Wenceslaus II, son of the Luxembourger emperor Charles IV succeeded in Luxembourg in 1383, having previously become king of Bohemia in 1363, king of the Romans in 1376, and emperor 1378. His coins, double gros in two different styles, are just as rare as any other 14th century Luxembourger coins.
You'll notice that a lot of detail is missing from my Luxembourg history. My references, including the Luxembourg web site, are quite sketchy. There are gaps in the stories. The general trends are clear though. In the 14th century the Luxembourg family was busy elsewhere, a central player in the European political scene. it would seem they did not neglect their homeland, but they didn't spend much time there either.
Josse of Moravia is recorded as ruling in Luxembourg during 1388-1402 and 1407-1411. He struck a double gros, and I can confidently state that this scarce coin is more common than the other medieval Luxembourg coins, on account of having by good fortune obtained one from Allen Berman recently. It is a neat coin, with tiny medieval faces peaking out from the Os and the Cs of the legend, I don't know why.
In 1437 the duchy passed by marriage to the the Habsburgs, and in 1443 it was conquered by Burgundy, then independent of France and a contending power in
norwestern Europe. The Habsburgs regained Luxembourg in 1477. The duke's fealty passed by inheritance to Philip II of Spain in 1555. There are a vanishing few specimens of Luxembourgoise coins of the 16th century. Davenport has two crowns listed but not illustrated in his book. I've never actually seen them.
The duchy was a front-line region during the 17th century wars between France and Spain. The 1659 Treaty of the Pyrennees awarded part of the southern border regions to Louis XIV, and in 1684, during another war, the French took Luxembourg City itself and held it for 13 years. There are a few coins listed in the references, but I've never seen these either.
By the Treaty of Utrecht of 1713 the duchy passed to the Austrian Habsburgs, and under this regime things quieted down for a while. Under Austria something of a regular coinage began to evolve, a series of copper and billon minors based partly on that of the Low Countries and partly on the French system. All of these coins are scarce, but you can find some of them if you look. I know that because I did (thanks again, Allen).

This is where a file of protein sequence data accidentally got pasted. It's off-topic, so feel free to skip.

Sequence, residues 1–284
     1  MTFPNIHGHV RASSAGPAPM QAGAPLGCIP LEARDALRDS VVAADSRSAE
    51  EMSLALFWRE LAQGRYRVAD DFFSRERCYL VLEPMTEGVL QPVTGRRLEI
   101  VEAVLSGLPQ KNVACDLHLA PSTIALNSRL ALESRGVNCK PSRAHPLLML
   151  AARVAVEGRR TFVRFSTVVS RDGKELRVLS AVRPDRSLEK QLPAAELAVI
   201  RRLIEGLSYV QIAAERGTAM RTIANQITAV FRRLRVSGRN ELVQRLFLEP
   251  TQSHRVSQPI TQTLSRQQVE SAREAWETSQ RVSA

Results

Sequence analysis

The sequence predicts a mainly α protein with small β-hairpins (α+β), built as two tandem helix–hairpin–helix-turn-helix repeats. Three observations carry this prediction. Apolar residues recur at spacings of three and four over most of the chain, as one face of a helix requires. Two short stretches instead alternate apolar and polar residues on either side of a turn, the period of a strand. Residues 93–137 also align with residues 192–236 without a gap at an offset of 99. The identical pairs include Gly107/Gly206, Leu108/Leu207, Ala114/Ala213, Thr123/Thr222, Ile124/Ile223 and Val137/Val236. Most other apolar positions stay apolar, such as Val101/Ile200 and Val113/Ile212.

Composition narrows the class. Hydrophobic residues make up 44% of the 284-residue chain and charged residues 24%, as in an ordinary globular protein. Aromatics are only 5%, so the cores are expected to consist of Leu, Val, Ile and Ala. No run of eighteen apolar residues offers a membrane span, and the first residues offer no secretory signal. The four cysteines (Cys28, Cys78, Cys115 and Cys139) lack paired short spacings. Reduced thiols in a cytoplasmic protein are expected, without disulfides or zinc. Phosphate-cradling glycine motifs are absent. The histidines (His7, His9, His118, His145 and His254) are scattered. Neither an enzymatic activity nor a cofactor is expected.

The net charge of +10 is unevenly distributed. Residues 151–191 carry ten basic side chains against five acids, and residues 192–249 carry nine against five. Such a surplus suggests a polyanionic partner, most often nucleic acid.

The next episode of Luxembourg's history was the French Revolution. Beseiged by Republican troops during 1794-95, the Austrian defenders made some
emergency coins, a copper sol existing in cast and struck versions, which are findable at constantly higher prices, and a silver siege crown that is a rare auction item. The Austrians lost the engagement, and the region was governed as an integral part of France until the final defeat of Napoleon.
At the Congress of Vienna, 1814-15, Luxembourg was recognized as a "Grand Duchy," with King William III of the Netherlands as grand duke. To keep things
balanced and simple, the duchy was included in the German Confederation, dominated by Prussia, and Prussian troops were garrisoned in the fortress of Luxembourg City. There are no coins of this period.
This arrangement began to come undone when Belgium revolted against Dutch rule in 1830. Luxembourg joined the rebels, though the Prussian troops in the
capital maintained order there. This conflict was finally resolved by the Treaty of London nine years later. By the terms of this agreement the western portion of the country was awarded to the new nation of Belgium, while the rump duchy continued to be held by the Dutch king.
The ducal title was however, the only tie holding Luxembourg to the Netherlands. The duchy ruled itself, and in 1842 it joined the German Customs Union. It was during the Customs Union period that the first of the modern Luxembourger coins were struck, but they were denominated in French francs. It's all so confusing!
These coins, all in bronze, were first issued in 1854 by the Utrecht mint, with repeats in 1855, 1860, 1865, and 1870, most being struck at Paris. They are not hard to find in reasonable condition, though strong uncirculated examples are scarce. There are also some rare patterns, of more or less the same design except for the treatment of the arms, of 1889.